A people smuggler responsible for killing 39 people who were found dead in the back of a lorry has been ordered to pay more than £65,000 in compensation to the victims’ families.
The bodies of the Vietnamese nationals, who were aged between 15 and 44, were discovered on 22 October 2019 after they were transported in an airtight container from Zeebrugge in Belgium to Purfleet in Essex.
Gang ringleader Gheorghe Nica, a 46-year-old Romanian, was found guilty of the manslaughter of the victims and jailed for 27 years in 2021.
Four other gang members were also convicted of manslaughter over the lorry deaths.
Now, in a confiscation order, Nica has been ordered to pay £65,157.65 to the families.
It brings the total paid to the relatives by the gang to £283,802.58, according to the Crown Prosecution Service.
A hearing last month was told that Nica, from Basildon in Essex, made at least £90,000 from people smuggling, and identified how the group made seven trips between May 2018 and 23 October 2019.
Migrants would pay up to £13,000 for what they thought was a “VIP service”, the Old Bailey heard.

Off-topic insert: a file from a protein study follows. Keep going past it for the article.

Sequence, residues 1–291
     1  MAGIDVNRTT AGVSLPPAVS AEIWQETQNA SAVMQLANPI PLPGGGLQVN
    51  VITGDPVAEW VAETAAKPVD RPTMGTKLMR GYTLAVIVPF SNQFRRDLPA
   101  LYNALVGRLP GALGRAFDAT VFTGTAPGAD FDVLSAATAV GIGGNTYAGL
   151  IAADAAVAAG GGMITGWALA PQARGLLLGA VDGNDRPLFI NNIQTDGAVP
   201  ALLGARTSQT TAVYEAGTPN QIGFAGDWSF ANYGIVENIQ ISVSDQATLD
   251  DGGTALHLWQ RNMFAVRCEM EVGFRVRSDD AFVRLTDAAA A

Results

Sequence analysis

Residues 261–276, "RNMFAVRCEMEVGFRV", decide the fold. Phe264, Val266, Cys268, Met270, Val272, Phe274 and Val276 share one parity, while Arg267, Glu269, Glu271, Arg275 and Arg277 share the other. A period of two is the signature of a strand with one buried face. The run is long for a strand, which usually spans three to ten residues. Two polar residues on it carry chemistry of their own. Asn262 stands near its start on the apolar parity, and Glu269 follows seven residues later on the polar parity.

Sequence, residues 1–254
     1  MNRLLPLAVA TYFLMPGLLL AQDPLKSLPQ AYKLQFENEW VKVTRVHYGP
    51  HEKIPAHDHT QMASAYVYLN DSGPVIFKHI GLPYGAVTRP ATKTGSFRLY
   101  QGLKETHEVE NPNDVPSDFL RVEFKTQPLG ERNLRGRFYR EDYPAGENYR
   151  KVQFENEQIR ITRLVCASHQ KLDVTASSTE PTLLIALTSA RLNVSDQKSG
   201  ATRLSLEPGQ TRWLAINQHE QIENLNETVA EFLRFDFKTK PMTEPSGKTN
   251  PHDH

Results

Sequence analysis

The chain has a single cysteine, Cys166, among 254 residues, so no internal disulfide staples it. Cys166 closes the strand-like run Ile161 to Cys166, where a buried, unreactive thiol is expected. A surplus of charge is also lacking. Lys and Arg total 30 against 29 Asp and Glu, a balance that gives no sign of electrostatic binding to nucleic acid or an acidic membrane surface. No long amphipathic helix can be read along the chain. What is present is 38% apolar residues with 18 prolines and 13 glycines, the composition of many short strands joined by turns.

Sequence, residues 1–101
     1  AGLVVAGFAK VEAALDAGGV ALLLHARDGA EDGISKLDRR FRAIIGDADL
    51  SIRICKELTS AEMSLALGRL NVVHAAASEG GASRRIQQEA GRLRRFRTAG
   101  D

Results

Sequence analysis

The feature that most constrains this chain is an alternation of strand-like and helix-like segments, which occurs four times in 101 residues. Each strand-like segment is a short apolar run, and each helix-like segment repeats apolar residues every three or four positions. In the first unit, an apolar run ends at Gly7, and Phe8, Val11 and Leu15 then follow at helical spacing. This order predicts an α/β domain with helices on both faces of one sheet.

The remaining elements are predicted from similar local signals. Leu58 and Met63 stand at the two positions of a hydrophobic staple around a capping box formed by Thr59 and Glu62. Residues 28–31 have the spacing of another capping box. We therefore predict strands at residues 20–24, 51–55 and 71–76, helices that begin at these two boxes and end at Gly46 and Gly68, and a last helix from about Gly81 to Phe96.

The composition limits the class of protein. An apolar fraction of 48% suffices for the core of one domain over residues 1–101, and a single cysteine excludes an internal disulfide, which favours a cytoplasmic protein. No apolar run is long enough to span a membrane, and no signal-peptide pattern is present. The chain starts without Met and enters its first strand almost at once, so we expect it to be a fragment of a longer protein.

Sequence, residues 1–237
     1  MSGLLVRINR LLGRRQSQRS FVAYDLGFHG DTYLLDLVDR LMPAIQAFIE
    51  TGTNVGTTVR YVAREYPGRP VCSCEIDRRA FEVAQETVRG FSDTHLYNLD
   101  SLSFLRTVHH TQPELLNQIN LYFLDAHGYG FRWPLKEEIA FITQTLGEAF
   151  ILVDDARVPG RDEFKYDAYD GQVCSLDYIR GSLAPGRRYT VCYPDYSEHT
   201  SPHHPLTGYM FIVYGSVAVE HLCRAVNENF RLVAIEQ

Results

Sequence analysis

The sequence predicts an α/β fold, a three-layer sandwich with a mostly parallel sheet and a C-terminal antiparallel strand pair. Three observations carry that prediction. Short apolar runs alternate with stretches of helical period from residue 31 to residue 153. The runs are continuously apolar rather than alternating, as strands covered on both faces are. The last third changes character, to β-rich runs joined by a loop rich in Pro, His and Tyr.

They would board lorries at a remote location on the continent to be transported to Britain.
The migrants would then be picked up by a fleet of smaller vehicles organised by Nica for transfer to a safe house until payment was received.
Judge Mark Lucraft KC ruled on Friday that the total amount by which Nica benefited was £186,587.65.
After assessing the defendant’s assets, the judge ordered him to pay £65,175.65 within three months. Failure to pay would result in a further year in prison.
Previously, Ronan Hughes, from Armagh, Northern Ireland, was ordered to pay the victims’ families more than £180,000 after being jailed for 20 years.
Lorry driver Maurice Robinson, of Craigavon, who found the bodies in the back of his trailer and was jailed for 13 years and four months, paid more than £21,000.
Eamonn Harrison, of County Down, who had collected the victims on the continent, was sentenced to 18 years in jail for manslaughter.
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In July, Marius Mihai Draghici became the fifth person to be convicted of manslaughter.
The 50-year-old Romanian was described as a “right-hand man” in the people-smuggling gang, fled the UK after the bodies were discovered, and was detained by police in Romania last August.
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